An Examination of Galatians
Introduction: Galatians is a relatively short epistle but powerful, both in style and content. Galatia is probably used in the official sense of the term (Gal. 1: 2). If so, Galatia was a Roman Province. Lystra, Iconium, Pisidia, and Derbe were part of Galatia (Acts 13-16). Galatians is one of Paul's epistles (Gal. 1: 1). Galatians was originally addressed to "the churches of Galatia" (Gal. 1: 2). These were not different denominations because denominations, as such, did not exist (I Cor. 4: 17; Eph. 4: 4, 5).
I. The basic design of Galatians.
A. False teachers who sought to bind the Law of Moses for the purpose of salvation were causing many problems in these churches (Gal. 3: 1-5; 4: 21-31).
B. These errorists were zealous and effective (Gal. 4: 16, 17, 3: 1).
C. Paul chides and challenges these men (Gal. 5: 7, 9, 4; 4: 20).
D. Rather than deal with their doctrinal differences, these men sought to personally attack Paul (Gal. 1: 10-24, 6: 17).
E. Paul boldly taught that the Law of Moses was not binding and that those who sought justification thereby were fallen from grace (Gal. 5: 2-4).
F. Those who perverted Jesus' gospel had the curse of God upon them, Paul explained (Gal. 1: 6-9).
II. The value of Galatians today.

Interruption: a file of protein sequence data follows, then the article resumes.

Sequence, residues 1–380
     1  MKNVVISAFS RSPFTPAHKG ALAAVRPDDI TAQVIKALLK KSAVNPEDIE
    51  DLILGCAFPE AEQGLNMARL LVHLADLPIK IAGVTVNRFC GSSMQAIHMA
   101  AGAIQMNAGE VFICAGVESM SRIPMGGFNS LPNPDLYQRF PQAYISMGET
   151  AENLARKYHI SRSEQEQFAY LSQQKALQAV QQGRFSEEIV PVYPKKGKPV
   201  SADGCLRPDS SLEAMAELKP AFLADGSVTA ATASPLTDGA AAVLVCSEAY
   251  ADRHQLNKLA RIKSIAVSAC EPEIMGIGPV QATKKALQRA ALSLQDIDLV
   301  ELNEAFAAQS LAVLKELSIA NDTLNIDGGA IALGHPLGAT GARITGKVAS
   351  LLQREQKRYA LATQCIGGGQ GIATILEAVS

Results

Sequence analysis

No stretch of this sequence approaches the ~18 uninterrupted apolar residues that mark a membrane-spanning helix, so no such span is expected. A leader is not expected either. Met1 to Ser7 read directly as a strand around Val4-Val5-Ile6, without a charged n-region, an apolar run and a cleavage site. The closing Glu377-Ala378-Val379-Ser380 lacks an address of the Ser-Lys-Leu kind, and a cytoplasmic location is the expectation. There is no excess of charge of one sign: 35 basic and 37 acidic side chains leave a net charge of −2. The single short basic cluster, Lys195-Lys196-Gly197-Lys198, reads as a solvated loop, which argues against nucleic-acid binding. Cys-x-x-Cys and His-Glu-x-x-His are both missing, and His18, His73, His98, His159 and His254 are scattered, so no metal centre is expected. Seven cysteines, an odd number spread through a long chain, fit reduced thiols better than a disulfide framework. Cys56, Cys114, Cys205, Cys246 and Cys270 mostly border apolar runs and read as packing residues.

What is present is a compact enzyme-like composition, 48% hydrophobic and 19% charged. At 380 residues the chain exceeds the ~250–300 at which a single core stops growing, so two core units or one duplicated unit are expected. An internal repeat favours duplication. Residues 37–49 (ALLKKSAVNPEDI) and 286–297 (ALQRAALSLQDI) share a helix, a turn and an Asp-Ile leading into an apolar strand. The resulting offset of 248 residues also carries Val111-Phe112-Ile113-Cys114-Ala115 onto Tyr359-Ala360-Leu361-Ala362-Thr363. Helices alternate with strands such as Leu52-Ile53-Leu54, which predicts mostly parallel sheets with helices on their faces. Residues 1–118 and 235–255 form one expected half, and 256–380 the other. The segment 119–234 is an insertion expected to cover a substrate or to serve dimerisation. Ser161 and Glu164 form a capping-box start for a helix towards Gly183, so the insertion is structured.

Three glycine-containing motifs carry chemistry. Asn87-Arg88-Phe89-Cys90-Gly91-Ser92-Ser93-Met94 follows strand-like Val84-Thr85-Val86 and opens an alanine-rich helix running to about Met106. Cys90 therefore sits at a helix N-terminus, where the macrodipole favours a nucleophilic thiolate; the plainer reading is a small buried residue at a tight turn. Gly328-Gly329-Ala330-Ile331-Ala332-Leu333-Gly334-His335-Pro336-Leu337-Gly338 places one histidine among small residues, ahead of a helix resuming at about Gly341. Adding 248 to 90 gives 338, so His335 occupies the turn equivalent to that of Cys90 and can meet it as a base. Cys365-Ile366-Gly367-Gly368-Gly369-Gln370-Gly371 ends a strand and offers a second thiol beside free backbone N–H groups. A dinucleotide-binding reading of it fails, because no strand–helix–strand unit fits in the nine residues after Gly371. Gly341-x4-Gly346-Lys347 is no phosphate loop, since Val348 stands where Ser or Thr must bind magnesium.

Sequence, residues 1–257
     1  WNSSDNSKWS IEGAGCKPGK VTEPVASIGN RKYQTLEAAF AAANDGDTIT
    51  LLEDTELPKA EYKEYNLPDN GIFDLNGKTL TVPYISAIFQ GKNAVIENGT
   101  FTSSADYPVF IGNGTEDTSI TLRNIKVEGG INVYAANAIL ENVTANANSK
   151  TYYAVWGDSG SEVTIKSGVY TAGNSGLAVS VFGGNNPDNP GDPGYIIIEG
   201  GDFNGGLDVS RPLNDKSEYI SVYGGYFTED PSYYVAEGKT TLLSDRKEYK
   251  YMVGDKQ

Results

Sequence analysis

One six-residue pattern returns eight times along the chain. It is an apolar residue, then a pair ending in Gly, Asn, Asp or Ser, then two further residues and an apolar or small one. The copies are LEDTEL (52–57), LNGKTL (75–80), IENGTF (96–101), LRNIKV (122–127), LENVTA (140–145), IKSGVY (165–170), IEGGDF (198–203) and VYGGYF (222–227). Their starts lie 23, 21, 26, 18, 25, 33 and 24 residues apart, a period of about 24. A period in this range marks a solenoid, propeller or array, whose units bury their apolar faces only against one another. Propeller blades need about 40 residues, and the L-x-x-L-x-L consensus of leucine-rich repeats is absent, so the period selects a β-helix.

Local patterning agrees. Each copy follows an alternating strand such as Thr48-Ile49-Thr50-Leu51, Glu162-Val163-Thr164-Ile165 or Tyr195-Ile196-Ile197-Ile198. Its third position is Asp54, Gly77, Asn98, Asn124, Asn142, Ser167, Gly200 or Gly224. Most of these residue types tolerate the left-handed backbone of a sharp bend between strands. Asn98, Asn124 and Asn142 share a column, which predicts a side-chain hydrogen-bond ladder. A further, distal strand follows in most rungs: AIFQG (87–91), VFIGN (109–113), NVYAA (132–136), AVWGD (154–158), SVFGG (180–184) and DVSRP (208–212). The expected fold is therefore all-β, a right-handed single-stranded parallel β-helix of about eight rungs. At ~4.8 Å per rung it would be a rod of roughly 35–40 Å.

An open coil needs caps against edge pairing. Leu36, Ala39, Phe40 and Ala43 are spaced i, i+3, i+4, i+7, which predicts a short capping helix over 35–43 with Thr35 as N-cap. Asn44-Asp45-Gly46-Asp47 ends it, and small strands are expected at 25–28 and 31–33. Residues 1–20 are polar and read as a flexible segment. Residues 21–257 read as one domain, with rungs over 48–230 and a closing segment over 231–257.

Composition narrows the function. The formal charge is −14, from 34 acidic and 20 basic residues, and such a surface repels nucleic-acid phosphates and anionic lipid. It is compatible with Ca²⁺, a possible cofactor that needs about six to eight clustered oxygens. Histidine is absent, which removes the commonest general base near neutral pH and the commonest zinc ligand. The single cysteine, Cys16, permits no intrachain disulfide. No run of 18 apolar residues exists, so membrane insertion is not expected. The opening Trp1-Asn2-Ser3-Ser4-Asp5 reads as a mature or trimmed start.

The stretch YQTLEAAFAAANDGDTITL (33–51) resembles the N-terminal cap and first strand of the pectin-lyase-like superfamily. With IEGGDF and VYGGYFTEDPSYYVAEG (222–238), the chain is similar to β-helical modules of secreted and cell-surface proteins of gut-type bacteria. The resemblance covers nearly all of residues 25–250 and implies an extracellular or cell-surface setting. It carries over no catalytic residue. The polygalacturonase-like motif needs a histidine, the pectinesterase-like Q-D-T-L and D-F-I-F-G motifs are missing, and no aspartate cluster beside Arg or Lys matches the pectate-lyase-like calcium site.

A. The book of Galatians is very important. This short book probably proclaims the essentiality of the gospel and the avoidance of changing or perverting it more than any other book (length considered, Gal. 1: 6-9).
B. Plainer teaching regarding the abrogation or end of the Law of Moses cannot be found anywhere (see Gal. 4 and 5).
C. In this book, Paul mentions the Abrahamic promise fulfillment and showed these promises as stated about 4,000 years before were found in Christ (Gen. 12: ff. cp. Gal. 3).
III. It is in Galatians that we have complete teaching about the lusts of the flesh and the fruit of the Spirit.
A. Gal. 5: 19 ff..
B. Galatians, in short, exalts Jesus' gospel.
Conclusion: From this book not only do we see error exposed, but we see how it was done. The argumentation is pure and the deductions are sound and irresistible.